A number of "carplanes" have recently appeared on the market or will be appearing soon. The purpose of this site is to contrast and compare these vehicles and to provide the latest information on each. It is an unbiased site that is not funded by any of the manufacturers.
Edited by Jeffrey W. Buckholz, PhD, P.E., PTOE
The first carplane to have these key characteristics should dominate the market for awhile. As I see it, the major problem in bringing a carplane to market is the genral lack of capital funding. It takes a lot of money to finance such an endeavor and most of the organizations struggling with carplane design and production just don't have deep pockets. When Boeing, GM, Apple or some similar organization gets involved, things will change - and that may be starting to happen: Airbus Flying Car Ready by end of 2017? There have also appeared articles that indicate Uber is looking at flying vehicles (Uber Elevate) as well as Google. Not sure if these are carplanes or just passenger-carrying drones but something is happening with the "big boys".
It is important to keep in mind the two basic problems that carplanes solve: the last mile problem and the weather problem. Solving the last mile problem is accomplished through a carplane's ability to drive from the destination airport to your final desired location (and to the airport of origin from your point of beginning). Solving the weather problem is accomplished by the carplane's ability to land and drive through bad whether; and bad weather can be defined as anything from low cloud ceilings to high winds to thunderstorms. Carplanes solve both of these problems without any backtracking. You can always land your general aviation aircraft and rent a car to get to your final desired location, and this is doable even if the weather deteriorates. However, you're plane will be back at the airport and, at some point, you will have to backtrack to get it. This is not a big deal if you're going back to where you came from but it is a big deal if you're headed in a different direction. There is considerable travel freeedom associated with a carplane that other modes of travel do not provide.
If a carplane does not solve both of these problems, then its really not a carplane. For example, pretty soon we are going to have drones that, through ducted fan technology, will be able to transport people directly from their point of beginning to their ultimate destination (in many cases, not all). This solves the last mile problem (in many cases, not all) but does not solve the weather problem. You can solve the weather problem without a carplane by simply waiting, or by risking your life and flying, but neither of these two options is very attractive.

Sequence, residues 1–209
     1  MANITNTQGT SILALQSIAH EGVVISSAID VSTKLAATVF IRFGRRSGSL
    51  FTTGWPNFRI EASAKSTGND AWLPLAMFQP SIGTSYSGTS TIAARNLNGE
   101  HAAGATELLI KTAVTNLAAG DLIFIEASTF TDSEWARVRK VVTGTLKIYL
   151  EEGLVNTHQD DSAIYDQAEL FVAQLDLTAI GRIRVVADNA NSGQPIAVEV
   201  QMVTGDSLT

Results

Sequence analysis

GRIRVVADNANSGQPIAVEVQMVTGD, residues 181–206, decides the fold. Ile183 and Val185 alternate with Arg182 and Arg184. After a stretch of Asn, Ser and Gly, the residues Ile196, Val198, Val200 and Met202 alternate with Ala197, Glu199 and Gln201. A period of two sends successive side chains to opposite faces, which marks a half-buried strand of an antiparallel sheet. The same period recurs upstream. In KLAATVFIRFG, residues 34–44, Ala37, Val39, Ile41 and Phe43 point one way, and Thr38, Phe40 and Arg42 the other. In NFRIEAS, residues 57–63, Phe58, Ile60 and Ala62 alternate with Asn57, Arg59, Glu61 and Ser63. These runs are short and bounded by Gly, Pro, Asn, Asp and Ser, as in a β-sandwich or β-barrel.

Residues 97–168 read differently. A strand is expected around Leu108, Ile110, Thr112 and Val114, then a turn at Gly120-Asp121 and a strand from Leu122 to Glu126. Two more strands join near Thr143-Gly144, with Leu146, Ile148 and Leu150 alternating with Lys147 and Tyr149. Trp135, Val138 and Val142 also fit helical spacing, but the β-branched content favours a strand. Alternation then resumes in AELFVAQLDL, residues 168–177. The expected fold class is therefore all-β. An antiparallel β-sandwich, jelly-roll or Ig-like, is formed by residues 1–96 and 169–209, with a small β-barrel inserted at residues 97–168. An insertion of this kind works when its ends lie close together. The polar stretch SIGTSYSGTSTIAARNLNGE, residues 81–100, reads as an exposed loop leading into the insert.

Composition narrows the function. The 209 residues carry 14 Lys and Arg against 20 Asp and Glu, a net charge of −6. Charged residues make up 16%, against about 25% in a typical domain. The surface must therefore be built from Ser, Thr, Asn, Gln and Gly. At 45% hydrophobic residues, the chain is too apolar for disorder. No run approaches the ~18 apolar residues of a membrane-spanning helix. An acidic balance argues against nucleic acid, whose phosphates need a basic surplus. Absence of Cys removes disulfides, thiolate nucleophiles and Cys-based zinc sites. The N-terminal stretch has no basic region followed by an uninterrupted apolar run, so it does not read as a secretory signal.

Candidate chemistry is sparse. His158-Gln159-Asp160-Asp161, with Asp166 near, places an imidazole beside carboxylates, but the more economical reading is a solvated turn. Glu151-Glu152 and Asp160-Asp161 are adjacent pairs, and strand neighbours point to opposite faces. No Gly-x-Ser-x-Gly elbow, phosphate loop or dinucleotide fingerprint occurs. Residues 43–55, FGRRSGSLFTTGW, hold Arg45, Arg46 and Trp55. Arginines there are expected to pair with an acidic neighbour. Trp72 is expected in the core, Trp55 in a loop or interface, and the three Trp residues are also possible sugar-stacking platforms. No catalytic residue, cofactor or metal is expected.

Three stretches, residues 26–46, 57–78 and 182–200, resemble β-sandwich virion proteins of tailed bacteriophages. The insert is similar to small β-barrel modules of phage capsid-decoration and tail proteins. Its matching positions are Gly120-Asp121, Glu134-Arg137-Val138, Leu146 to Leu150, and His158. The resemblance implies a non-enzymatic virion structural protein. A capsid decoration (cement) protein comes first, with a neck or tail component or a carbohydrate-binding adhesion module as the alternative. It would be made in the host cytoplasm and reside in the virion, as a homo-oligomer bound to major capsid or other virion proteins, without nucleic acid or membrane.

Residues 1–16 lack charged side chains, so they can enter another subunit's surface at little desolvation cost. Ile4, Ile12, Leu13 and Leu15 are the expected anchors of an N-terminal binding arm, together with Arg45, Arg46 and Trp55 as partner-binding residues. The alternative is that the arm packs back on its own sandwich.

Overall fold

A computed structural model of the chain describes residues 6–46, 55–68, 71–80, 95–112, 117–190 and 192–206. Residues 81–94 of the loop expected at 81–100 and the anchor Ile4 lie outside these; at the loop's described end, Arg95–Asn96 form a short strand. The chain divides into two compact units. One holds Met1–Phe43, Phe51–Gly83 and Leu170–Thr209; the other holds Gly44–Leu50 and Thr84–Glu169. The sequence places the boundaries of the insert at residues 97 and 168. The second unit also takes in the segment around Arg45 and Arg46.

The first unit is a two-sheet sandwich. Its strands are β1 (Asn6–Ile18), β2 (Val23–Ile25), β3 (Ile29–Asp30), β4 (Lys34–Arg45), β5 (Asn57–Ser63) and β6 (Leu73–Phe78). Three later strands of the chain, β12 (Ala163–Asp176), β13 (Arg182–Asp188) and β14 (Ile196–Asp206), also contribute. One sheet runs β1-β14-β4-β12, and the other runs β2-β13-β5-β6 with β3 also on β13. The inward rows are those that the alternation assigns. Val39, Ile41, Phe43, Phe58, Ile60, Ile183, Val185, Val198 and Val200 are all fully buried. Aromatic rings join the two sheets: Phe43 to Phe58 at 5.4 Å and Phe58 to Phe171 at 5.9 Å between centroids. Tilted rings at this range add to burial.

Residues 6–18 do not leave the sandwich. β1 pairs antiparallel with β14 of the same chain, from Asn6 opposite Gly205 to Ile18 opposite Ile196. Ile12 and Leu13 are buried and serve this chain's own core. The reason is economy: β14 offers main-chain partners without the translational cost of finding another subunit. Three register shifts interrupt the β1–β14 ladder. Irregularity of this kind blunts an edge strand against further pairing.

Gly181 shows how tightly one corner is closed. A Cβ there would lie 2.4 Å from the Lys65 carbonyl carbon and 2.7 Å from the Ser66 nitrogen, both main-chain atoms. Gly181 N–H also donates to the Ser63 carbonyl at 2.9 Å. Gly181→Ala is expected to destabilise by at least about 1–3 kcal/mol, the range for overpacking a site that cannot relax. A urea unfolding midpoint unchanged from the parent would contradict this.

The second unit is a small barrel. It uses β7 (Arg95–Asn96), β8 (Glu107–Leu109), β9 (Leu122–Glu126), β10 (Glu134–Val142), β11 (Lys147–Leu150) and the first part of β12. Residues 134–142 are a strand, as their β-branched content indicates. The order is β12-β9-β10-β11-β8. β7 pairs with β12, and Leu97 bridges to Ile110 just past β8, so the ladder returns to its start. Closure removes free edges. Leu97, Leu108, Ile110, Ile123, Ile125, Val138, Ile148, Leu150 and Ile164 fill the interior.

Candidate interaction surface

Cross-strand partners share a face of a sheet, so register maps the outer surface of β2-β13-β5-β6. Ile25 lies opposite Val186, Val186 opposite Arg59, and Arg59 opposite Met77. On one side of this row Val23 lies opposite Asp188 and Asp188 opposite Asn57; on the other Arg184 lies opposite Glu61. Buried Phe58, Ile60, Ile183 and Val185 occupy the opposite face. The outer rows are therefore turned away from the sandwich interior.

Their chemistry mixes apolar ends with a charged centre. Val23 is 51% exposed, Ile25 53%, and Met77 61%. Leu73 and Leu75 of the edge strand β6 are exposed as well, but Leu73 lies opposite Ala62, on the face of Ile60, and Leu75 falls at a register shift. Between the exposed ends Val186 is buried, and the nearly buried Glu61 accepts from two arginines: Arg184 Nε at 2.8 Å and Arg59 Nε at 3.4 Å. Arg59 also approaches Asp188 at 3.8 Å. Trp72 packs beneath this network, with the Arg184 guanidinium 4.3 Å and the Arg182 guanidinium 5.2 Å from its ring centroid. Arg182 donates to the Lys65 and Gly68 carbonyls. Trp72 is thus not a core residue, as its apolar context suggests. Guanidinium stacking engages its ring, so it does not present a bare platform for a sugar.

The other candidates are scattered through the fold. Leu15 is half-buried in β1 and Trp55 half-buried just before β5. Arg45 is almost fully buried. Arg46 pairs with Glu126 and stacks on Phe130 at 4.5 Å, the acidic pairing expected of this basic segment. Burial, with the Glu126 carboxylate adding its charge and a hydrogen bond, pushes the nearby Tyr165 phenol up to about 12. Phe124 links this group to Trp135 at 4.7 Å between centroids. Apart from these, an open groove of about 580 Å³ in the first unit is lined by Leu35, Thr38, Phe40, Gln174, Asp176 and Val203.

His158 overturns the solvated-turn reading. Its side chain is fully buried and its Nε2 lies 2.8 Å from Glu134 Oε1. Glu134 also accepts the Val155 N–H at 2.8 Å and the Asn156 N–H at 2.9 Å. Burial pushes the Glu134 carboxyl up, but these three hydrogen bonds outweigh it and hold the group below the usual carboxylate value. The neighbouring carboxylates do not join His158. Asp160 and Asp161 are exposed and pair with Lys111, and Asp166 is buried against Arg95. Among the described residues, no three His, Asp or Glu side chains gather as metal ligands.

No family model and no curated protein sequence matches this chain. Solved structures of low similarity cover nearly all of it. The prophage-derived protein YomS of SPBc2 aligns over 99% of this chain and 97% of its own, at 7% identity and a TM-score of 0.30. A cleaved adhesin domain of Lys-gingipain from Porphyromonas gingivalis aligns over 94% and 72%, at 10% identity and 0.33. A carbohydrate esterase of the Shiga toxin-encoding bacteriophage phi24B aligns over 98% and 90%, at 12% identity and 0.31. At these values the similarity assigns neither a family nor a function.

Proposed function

If you want to see how people misunderstand the above discussion, read this article on the VOLOCOPTER. The volocopter is not a flying car because, although it may solve the last mile problem, it does not solve the weather problem.
The importance of being able to drive (without having to backtrack) when such driving is needed cannot be underestimated. Unflyable weather is relatively common and is not limited to thunderstorms. Many weather-related items can cause your trip to be delayed or canceled or, worse yet, can get you and your airplane stuck at some distant airport. Fog, high winds, high density altitude and even simple cloud cover (if you are not instrument rated - and most general aviation pilots aren't) can ground you. Medical conditions, prescription drug use, emotional trauma, or even simple fatigue can also ground you whereas one can drive under most of these conditions. Also, many private pilots don't like flying at night even if the weather is good - with a carplane a pilot could switch to driving at night. A carplane provides maximum transportation flexibility while avoiding the need to cancel a trip or spend a few days stuck in nowheresville. Drones, at least the current ones, cannot blast there way through bad weather and they can't be driven so they do not provide the same level of transportation flexibility that carplanes do. This distinction needs to be understood.